Pip Laurenson, Head of Collection Care Research

Work at Tate

Pip Laurenson develops, leads and supports research at Tate into the care, conservation and management of Tate’s collections. She has over twenty years’ experience in the conservation of contemporary art, beginning her career in Sculpture Conservation and going on to establish and lead Time-based Media Conservation from 1996 to 2010. She has led a number of major research initiatives for Tate, including Inside Installations (2004–7), Collecting the Performative (2012–14), Matters in Media Art (2004–ongoing) and New Approaches to the Conservation of Contemporary Art (2015–19). She has secured research awards from a range of funders including private foundations, the European Union’s framework programme and the UK’s Arts and Humanities Research Council. Pip Laurenson is currently working with colleagues across Tate to develop a vision for research that takes its lead from evolving art and museum practices. 

Joined Tate 1992. 

Professional expertise

Pip Laurenson’s expertise is in contemporary art conservation. She is an accredited member of the Institute of Conservation, a trustee of the National Heritage Science Forum and a member of the steering committee for the International Network for the Conservation of Contemporary Art (INCCA). In addition to sitting on Tate’s doctoral training board she is also a member of the steering committee for the doctoral training centre in Science and Engineering in Arts Heritage and Archaeology (SEAHA). In January 2016 Pip Laurenson was awarded a special chair as Professor of Art, Collection and Care at Maastricht University. 

Research interests

Pip Laurenson has a long-standing interest in contemporary art conservation with specific expertise on new forms of artistic practice, including the conservation of time-based, lens-based works of art and performance art and the changing relationship between the artist and the museum. She is the lead researcher for Tate on Pericles (2013–2018), a Horizon 2020 research project that is developing new approaches to digital preservation. She is currently supervising doctoral students with Leiden University, Kings College London and Maastricht University and enjoys a network of close research collaborations with colleagues in universities and museums within the UK and internationally. In her role at Maastricht University she will concentrate on research into the networks which underpin the making of artworks, their associated practices and their impact on conservation and the museum.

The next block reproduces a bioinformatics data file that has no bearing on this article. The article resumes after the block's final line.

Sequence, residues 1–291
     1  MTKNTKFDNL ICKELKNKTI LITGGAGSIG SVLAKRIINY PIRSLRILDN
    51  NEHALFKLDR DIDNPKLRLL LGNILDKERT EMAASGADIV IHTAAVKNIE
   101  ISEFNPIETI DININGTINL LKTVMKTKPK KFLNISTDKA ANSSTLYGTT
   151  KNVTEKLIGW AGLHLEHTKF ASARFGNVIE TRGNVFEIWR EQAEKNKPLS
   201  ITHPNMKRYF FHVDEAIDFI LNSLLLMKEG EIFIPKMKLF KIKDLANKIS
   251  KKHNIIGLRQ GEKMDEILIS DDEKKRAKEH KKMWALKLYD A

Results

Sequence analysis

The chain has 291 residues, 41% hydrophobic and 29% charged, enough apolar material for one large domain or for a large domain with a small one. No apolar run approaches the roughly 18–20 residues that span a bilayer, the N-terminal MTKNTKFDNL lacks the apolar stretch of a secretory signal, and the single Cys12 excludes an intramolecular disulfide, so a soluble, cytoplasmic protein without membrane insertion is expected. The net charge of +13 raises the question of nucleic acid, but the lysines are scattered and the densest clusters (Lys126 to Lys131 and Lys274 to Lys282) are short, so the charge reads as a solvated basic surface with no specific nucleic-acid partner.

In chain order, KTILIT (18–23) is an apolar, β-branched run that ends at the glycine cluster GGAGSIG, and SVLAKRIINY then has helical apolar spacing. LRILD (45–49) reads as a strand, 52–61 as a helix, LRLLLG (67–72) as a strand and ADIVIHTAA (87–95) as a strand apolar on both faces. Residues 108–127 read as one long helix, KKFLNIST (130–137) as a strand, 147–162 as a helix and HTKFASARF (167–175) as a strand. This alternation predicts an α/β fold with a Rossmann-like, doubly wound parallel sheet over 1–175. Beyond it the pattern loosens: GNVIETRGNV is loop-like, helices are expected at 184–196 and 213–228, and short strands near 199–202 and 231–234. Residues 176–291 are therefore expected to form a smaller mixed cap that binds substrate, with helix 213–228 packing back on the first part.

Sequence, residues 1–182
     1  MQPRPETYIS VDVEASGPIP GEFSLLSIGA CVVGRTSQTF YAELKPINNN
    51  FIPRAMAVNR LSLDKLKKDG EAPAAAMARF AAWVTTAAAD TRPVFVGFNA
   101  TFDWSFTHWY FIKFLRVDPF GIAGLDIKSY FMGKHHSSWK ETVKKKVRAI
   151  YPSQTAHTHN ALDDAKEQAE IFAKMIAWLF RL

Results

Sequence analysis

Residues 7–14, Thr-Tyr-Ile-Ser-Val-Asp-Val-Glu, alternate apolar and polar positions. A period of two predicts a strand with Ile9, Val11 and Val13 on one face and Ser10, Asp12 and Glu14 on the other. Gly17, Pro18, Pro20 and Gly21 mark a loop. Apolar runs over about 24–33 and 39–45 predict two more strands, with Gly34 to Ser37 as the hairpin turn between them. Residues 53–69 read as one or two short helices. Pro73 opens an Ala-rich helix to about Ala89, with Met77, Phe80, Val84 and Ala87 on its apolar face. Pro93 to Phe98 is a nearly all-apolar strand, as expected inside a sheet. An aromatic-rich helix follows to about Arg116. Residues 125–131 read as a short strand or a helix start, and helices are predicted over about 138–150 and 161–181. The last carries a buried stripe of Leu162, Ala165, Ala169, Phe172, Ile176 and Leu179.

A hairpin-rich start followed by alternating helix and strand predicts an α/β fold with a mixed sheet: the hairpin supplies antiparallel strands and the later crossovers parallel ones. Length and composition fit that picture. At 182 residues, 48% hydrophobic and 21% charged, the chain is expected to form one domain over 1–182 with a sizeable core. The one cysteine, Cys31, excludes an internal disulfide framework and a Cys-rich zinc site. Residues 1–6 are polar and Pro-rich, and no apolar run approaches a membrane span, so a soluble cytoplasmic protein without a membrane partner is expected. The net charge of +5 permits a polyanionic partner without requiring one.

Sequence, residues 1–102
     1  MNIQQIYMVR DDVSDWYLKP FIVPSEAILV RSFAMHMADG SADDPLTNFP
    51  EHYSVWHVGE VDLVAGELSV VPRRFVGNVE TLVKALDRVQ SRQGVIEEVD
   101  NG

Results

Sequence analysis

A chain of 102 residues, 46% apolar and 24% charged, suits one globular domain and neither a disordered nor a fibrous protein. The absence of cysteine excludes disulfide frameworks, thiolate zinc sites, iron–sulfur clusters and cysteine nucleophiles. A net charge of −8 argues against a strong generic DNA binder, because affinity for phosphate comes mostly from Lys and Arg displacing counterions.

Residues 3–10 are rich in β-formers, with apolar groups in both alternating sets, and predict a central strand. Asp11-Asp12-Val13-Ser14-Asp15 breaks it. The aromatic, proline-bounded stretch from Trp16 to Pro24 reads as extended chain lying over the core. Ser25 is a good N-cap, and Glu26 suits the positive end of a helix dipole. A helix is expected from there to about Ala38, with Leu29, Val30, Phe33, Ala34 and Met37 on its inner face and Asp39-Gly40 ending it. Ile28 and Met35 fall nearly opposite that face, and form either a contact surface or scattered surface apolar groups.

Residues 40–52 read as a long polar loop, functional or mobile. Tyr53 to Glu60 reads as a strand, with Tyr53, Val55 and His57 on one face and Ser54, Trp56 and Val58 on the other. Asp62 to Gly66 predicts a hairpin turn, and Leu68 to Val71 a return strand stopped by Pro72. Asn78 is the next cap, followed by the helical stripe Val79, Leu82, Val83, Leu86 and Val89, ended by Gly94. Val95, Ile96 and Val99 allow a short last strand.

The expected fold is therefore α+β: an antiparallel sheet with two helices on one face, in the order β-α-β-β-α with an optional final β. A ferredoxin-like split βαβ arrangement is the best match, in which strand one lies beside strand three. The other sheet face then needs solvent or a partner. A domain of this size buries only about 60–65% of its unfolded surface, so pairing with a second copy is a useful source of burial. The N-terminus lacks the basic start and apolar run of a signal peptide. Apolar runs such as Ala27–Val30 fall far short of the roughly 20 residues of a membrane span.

Selected publications             

  • With Patricia Falcao and Annet Dekker, ‘An Exploration of Significance and Dependency in the Conservation of Software-Based Art’, Electronic Media Review, vol.2, 2016 (forthcoming). 
  • ‘Old Media, New Media? Significant Difference and the Conservation of Software Based Art’, in Beryl Graham (ed.), New Collecting: Exhibiting and Audiences after New Media Art, Farnham 2014, pp.73–96.
  • With Vivian van Saaze, ‘Collecting Performance-Based Art: New Challenges and Shifting Perspectives’, in Outi Remes, Laura MacCulloch and Marika Leino (eds.), Performativity in the Gallery, Bern 2014, pp.27–41.
  • With Catherine Dillon, Nancy Bell, Kalliopi Fouseki and others, ‘Mind the Gap; Rigor and Relevance in Heritage Science Research’, report for the Arts and Humanities Research Council, National Archives, London 2014, 35pp.
  • ‘Emerging Institutional Models and Notions of Expertise for the Conservation of Time-Based Media Works of Art’, Techne, no.37, 2013, pp.36–42.
  • ‘Vulnerabilities and Contingencies in the Conservation of Time-Based Media Works of Art’, in Tatja Scholte and Glenn Wharton (eds.), Inside Installations: Theory and Practice in the Care of Complex Artworks, Amsterdam 2011, pp.35–42.
  • ‘Authenticity, Change and Loss in the Conservation of Time-Based Media’, in Judith Schachter and Stephen Brockmann (eds.), (Im)Permanence: Cultures In/Out of Time, Pittsburgh 2008, pp.150–64, and in Tate Papers, no.6, Autumn 2006, accessed 4 March 2016.
  • With Rosie Cardiff, Maggie Hills and Hugh Williams, ‘Inside installations: Mapping the Studio II’, e-learning package on the preservation and presentation of Bruce Nauman’s Mapping the Studio II with color shift, flip, flop, & flip/flop (Fat Chance John Cage), Tate, 2006, accessed 4 March 2016.
  • ‘The Management of Display Equipment in Time-Based Media Installations’, in Ashok Roy and Perry Smith (eds.), Contributions to the Bilbao Congress, 13–17 September 2004: Modern Art, New Museums, London 2004, pp.49–53.
  • ‘Developing Strategies for the Conservation of Installations Incorporating Time-based Media with Reference to Gary Hill’s “Between Cinema and a Hard Place”’, Journal of the American Institute for Conservation, vol.40, no.3, 2001, pp.259–66.

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Last updated March 2016.